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There's Always Something to Do (Peter Cundill) - Christopher Risso-Gill


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Guest hellsten

Great book!

 

Here are some quotes from the book that I found interesting:

 

He had devoured Graham and Dodd's Security Analysis, especially chapter 41, entitled "The Asset-Value Factor in Common-Stock Valuation", which in his copy is heavily underlined and liberally annotated.

 

On when to sell:

Peter himself could come up with no absolutely satisfactory proposal for a formula. In the end the solution turned out to be something of a compromise: the fund would automatically sell half of any given position when it had doubled, in effect thereby writing down the cost of the remainder to zero with the fund manager then left with full discretion as to when to sell the balance.

The ultimate skill in this business is in knowing when to make the judgement call to let profits run.

 

I guess you need to know when you have a Warren Buffett-type stock in your portfolio.

 

On patience:

The most important attribute for success in value investing is patience, patience, and more patience. The majority of investors do not possess this characteristic.

 

On institutions:

I don't much believe in institutions and I certainly don't believe in mere formulae. The authority of both can be pernicious and destructive.

It is worth remembering that many of the world's most renowned organizations are fundamentally flawed as well as irrational – the Jesuits, the Mafia, and IBM.

As far as generally available analysis is concerned, often what sounds terrible is just the truth and what sounds great is nothing but fantasy and rubbish..

 

The "value method of investing" will tend to give better results in slightly down to indifferent markets and less relatively sparkling results in a raging bull market.

 

On "fallen angels":

On the subject of the "fallen angels" of stock markets that occupy so much of our detective work as value investors, I try to keep in mind Oscar Wilde's comment that "saints always have a past and sinners always have a future," so no investment should be ruled out simply on the basis of past history. We focus on liquidation analysis and liquidation analysis alone.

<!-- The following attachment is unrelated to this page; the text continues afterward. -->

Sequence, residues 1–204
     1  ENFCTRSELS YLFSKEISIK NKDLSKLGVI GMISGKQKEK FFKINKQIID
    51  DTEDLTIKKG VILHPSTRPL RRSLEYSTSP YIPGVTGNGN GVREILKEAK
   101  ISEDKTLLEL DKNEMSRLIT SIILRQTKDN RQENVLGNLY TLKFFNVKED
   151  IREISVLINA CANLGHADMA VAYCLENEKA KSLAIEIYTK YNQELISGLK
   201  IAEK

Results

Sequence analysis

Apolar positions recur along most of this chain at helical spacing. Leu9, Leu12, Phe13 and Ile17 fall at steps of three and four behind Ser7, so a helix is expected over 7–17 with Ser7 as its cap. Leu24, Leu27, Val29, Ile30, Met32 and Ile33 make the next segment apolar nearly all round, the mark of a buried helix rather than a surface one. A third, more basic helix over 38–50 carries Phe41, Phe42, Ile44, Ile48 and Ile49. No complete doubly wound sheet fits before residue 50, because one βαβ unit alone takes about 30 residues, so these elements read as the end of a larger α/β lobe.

Markets can be overvalued and still keep on getting more expensive for quite a while, or they can be undervalued and keep getting cheaper, which is why investing is an art form, not an exact science.

 

But I tell you statistical overvaluation is a funny thing – it can go on for a very long time, far beyond the limits of rationality, and it is a problem for the value investor in two ways: it can tempt one to compromise standards on the buy side and it may lure one into selling things far too early.

 

A comment from a senior executive at the Industrial Bank of Japan:

"I dont know what you're talking about. In a Japanese company first and foremost comes the employee, then the customer. Thirdly come the bank and the suppliers.

Here at the bank we own 4-5% of every publicly listed Japanese company and in my twenty years here I never heard the concept of shareholder's rights discussed, not ever!"

 

On investing in Japan:

Japanese companies would buy stakes in their suppliers, their bankers, and their customers because the purchase of those stakes was seen as part of the price of admission to doing business.

 

"The 100th monkey":

* every company ought to have an escape valve: inventory that can readily be reduced, a division that can be sold, a marketable investment portfolio, an ability to shed staff quickly. That sort of thing. However, no escape valve will provide a cushion in the face of a collapse in investor confidence.

* the business must be getting better, not necessarily by a lot, just honestly better.

 

On investing in Russia, one year before the Russian debt crisis: